Sandals are not all that this active brand are interested in, they create footwear for all types of outdoor wear, including hiking and water resistant shoes and boots.
Find out more on their site here!
Another British company, Hunter supply wellies to the Queen, no less!
Footwear is not all they make, with a nice line in outerwear and complementary accessories too. However, shoes, boots and wellies are what they excel at and produce foremost.
The million dollar question is, are they water resistant?
But the fact that they have a section on their website specializing in festivals should give you a clue!
And if the Queen of England trusts them to keep her feet dry, then you should too!
Let’s take a look at Merrell…
Merrell’s story starts in 1981. Randy Merrell applied his craft, learnt at shoe making school to the concept of the American cowboy boot and then spliced it with the finest Italian manufacturing standards and threw in a pinch of athletic expertise along the way.
The result was the Wilderness boot, a design classic and signature style of the brand – it is still on sale today!
Find out how their snow boots fared when we tested them out!
Muck produce boots which can take everything that nature can throw at them – and then some!
And as for waterproofing, what they don’t know about it isn’t worth knowing.
So if you’re serious about staying dry and clean in the great outdoors, then Muck is the brand for you.
Fashion is the order of the day for independent minded Nomad.
Formed in 1997, the organization set out to produce unique, fun loving and fashion conscious footwear, with an individual twist.
Just because something needs to be rainproof doesn’t mean it shouldn’t look good too and we reckon you’ll find something to suit your tastes over on their website here.
Servus are a creation of Honeywell – a company that do more than ‘just’ create waterproof footwear.
If you check out their website you’ll see they cover almost everything from aircraft technology, to well, just about everything!
Amongst (many) other things they’re also connected to the Muck brand of footwear also.
Sorel are an all Canadian company, who were created in 1962.
Although they are inspired by all things outdoors, it is common sense and proper waterproofing which matter above all.
And while it is true that not all of their produce is purely functional, even their most fashionable styles have been designed to stay the distance.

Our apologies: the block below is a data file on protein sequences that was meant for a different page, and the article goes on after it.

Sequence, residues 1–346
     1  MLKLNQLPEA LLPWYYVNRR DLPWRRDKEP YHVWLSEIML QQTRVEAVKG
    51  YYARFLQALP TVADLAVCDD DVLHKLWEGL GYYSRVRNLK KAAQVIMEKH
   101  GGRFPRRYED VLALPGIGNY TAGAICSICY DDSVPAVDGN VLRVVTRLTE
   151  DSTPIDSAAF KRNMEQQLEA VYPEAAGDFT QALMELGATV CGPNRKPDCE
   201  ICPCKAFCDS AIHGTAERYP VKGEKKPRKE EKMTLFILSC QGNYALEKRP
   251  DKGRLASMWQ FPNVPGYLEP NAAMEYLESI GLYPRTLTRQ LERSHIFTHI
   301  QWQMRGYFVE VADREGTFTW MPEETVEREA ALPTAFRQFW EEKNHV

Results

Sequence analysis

Setting the standard in all things swimming, Speedo are the brand to turn to when you want a water shoe.
Active since 1914, they are an Aussie brand, with Scottish roots.
And although water wear is a different proposition to waterproofing, it still dictates that the materials used should not become submerged or heavy when immersed.
Named after the Hebrew word for ‘nature’, Teva are the outdoor specialists and they know a thing or two about waterproofing!
The first Teva sandal was born in 1984, when a river guide hooked two Velcro bands together to stop his flip flops floating away, when on the water. The rest, as they say, is history.
Nowadays Teva do more than just water shoes or sandals, but this is their main passion.
The North Face
The North Face have been going for longer than some out there – since 1966 in fact!
This San Francisco company has its roots in the challenge of nature – appealing widely to climbers and skiers alike. Since their start they have e
grown plenty and extended their range, but this is still very much what they are about.
Perhaps sunny California seems a strange place to launch a company concerned with such snowy pursuits – but The North Face have made it their own and are now rightly regarded as one of the top brands for climbers and arctic explorers!
Tingley are a company which makes work and heavy duty apparel, for the world of heavy industry.
Active for over a century, Tingley pretty much wrote the book on waterproofing – they stock everything from raingear to boots and overshoes.
Overshoes are a protective layer that go over existing footwear, to save it from hazard or damage.
Given that they make footwear to withstand chemical spills, then we think they will definitely cope with water.
No, they’re not sexy and definitely not going to be premiering at London Fashion Week either, but they make good sturdy products for tough situations including kids shoes!
Timberland’s story goes back to 1933, when it was still the humbly named Abington Shoe Company, based in Massachusetts.
It wasn’t until 1978 that it changed its name to Timberland – and it was named after their prototype model of 1973.
The Timberland was the first completely waterproofed boot that the company produced – of many!
Since then they have exploded onto the fashion scene, for their style and grace, but their hallmarks have always been high standards and top quality in their output.
All this and they are committed to sustainability!
Timberland are a brand to be reckoned with and are a leading exponent of waterproof footwear.
You may know this next oddly named brand…
Ugg need no introduction! The iconic fashion brand are well known for their distinctive, furry or sheepskin footwear.
What might be less well known is that Ugg’s memorable style has its origins in Australia – spliced with some Californian inspiration!
The company was created by an Aussie surfer visiting California in 1973.
Once again, it seems a strange mixture – hot weather and warm booties, but we think it works! And it should go without saying, that they can be relied upon not to let the rain in!
By now, you should know a thing or two about waterproof vs water resistant. Let’s cap things off!
Love The Rain
It’s easy to put off your daily walking when it is pouring down outside. But as those of us who live in wet climes know, there comes a time when you just have to brave it!
The fact is, there is nothing inherently scary about the rain. It’s just a question of preparation.
Once you have got your footwear sorted, there really is nothing to fear about stepping out into a rainstorm – or even a snowstorm!!
By following our brand guide, you should be well on your way to choosing the right waterproof shoe for you!